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Watch Moment Panicking Commuters Flee as Train Bursts Into Flames, Riders Escape Through Windows, One Ends Up in River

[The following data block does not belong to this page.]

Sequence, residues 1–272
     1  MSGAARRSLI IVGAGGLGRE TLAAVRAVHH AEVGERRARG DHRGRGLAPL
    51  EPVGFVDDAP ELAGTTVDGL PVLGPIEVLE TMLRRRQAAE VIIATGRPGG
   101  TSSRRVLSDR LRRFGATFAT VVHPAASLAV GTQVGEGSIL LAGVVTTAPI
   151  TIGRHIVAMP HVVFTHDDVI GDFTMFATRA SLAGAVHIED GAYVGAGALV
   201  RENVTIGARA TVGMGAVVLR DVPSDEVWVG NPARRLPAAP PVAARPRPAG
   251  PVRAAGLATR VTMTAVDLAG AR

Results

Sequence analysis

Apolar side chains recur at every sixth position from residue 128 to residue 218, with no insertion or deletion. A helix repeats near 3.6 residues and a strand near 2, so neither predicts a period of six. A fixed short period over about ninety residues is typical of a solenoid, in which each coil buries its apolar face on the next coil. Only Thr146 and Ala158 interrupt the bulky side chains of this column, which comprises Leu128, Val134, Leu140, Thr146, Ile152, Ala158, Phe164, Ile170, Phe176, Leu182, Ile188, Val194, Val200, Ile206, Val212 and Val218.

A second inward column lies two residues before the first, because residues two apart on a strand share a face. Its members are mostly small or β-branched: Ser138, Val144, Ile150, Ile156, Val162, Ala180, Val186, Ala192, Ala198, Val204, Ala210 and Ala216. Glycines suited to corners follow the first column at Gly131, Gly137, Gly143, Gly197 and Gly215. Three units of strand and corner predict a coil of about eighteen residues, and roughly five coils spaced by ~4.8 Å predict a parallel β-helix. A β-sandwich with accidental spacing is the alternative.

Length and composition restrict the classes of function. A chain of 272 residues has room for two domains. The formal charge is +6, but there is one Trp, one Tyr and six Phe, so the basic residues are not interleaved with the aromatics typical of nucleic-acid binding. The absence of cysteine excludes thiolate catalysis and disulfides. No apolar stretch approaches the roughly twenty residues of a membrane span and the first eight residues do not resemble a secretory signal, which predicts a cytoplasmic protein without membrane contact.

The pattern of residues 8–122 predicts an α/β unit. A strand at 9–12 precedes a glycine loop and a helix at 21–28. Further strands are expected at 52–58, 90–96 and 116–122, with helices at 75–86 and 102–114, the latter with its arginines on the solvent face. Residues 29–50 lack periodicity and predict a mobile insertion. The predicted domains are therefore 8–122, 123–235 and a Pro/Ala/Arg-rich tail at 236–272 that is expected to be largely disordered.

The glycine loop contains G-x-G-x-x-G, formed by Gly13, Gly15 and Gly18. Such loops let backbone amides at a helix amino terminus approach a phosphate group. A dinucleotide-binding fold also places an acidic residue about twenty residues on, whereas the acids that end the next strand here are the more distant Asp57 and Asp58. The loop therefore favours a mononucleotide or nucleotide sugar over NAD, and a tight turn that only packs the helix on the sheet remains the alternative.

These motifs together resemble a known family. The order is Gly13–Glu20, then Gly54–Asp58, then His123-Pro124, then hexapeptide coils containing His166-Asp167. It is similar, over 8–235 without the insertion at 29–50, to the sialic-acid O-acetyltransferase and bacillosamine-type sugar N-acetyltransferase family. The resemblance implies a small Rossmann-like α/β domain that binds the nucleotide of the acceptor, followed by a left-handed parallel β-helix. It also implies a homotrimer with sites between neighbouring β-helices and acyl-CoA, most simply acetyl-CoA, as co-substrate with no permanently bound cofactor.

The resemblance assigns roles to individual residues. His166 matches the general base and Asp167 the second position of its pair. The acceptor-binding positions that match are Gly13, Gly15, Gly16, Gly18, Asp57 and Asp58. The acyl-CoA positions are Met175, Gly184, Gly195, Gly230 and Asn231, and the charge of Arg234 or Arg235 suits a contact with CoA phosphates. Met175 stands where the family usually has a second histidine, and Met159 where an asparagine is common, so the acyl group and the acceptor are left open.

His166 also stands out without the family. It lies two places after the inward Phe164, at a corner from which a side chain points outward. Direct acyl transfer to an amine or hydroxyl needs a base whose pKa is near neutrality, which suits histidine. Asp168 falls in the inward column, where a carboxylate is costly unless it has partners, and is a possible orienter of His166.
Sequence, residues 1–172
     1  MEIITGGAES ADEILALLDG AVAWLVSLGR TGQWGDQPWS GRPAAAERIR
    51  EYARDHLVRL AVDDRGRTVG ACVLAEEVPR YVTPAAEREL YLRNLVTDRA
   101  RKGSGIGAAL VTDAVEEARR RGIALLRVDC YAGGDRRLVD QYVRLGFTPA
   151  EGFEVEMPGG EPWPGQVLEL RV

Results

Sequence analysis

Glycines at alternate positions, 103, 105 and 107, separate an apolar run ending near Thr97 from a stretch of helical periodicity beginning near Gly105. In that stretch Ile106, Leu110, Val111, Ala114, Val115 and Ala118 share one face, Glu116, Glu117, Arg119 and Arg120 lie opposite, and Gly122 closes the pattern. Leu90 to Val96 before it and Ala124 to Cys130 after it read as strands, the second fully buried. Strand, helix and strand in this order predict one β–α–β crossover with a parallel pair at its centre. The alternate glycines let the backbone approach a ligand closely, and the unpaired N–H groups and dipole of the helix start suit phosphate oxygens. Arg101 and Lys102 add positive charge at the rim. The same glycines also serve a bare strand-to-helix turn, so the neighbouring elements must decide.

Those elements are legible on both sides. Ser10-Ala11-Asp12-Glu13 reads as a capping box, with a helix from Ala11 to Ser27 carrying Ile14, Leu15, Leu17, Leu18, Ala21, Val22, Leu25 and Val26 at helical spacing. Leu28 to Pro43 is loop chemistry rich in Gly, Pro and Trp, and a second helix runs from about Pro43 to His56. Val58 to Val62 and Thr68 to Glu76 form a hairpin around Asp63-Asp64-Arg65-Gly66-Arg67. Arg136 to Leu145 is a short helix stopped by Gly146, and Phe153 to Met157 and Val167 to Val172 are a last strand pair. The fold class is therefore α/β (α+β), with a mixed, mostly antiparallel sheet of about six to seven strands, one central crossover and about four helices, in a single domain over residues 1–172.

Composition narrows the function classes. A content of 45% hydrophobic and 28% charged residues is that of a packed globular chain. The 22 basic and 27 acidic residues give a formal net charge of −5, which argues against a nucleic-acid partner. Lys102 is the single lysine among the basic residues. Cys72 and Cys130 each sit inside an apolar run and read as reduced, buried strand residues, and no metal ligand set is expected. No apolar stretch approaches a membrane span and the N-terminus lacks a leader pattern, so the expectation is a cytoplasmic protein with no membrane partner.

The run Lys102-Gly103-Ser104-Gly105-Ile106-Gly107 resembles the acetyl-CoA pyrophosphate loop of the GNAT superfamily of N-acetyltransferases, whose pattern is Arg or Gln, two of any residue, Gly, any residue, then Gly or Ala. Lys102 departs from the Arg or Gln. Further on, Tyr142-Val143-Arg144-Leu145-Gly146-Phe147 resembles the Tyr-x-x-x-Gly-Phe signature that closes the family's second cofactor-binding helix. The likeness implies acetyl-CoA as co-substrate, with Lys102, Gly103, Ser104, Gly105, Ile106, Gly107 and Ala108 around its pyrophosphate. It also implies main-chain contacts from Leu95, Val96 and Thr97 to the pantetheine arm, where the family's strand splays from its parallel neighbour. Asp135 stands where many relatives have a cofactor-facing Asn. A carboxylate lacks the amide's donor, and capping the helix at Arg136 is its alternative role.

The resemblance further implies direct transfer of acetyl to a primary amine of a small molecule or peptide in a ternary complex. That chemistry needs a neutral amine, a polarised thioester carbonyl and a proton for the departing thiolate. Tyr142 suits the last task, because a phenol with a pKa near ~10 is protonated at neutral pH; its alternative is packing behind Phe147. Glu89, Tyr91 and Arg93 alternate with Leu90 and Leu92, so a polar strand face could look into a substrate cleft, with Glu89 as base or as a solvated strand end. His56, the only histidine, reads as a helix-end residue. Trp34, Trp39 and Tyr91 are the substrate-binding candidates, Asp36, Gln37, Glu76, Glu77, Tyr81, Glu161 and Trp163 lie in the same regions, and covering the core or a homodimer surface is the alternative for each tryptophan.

Fire and panic rode the rails as a Massachusetts Bay Transportation Authority train caught fire on Thursday morning, forcing about 200 people to evacuate. One of those fleeing the smoke and flames as the train hurled over the Mystic River in Somerville jumped into the river. One car of the train caught fire as it was approaching a station around 6:45 a.m., according to WFXT-TV. John Gosselin got a bird’s eye view of the incident from a nearby hotel window. “The train stopped and sparks starting coming out of the front, probably about three feet behind the driver,” Gosselin said. “I saw a flame and then I knew something was up. … It engulfed very, very quickly. The flames were shooting up. The smoke got very black.” Passenger Jennifer Thomson-Sullivan, 42, recounted the moment when passengers started seeing flames leaping up past the windows, according to the Boston Globe. “That’s when everyone started freaking out,” she said. “People rushed to the back of the car where I was sitting. There was a gentleman frantically trying to open the emergency exit. But the door would not open.” She said the man then kicked out a window. “From that point on, people started throwing themselves out the window,” she said. “They didn’t stop to consider the third rail or what if another train was coming in the other direction. … People just went for it.” One went all the way down to the water. “An unidentified female passenger jumped off the bridge into the river,” Somerville Fire Chief Charles Breen said. “Our marine boat happened to be in the river for training and was on scene immediately. The woman refused to get into the boat. She was provided a life jacket and proceeded to swim to shore. … Then she walked away.” No injuries were reported. According to an MBTA statement, “a section of the sheet metal, or side panel, on the vehicle, appears to have come in contact with the third rail, igniting material below the car.” “With a more extensive inspection already underway, we will take every necessary step to prevent this from happening again. We understand that this and other recent incidents have tested our riders’ and the public’s trust. We remain committed to prioritizing safety and reliability to deliver the service our riders deserve,” the statement said. MBTA general manager Steve Poftak said the train where the fire broke out had been inspected on June 23 and has been in service since 1980. Boston Mayor Michelle Wu called the incident “more evidence of an aging transit system in crisis.” Massachusetts Gov. Charlie Baker called the fire a “colossal failure.” This article appeared originally on The Western Journal.

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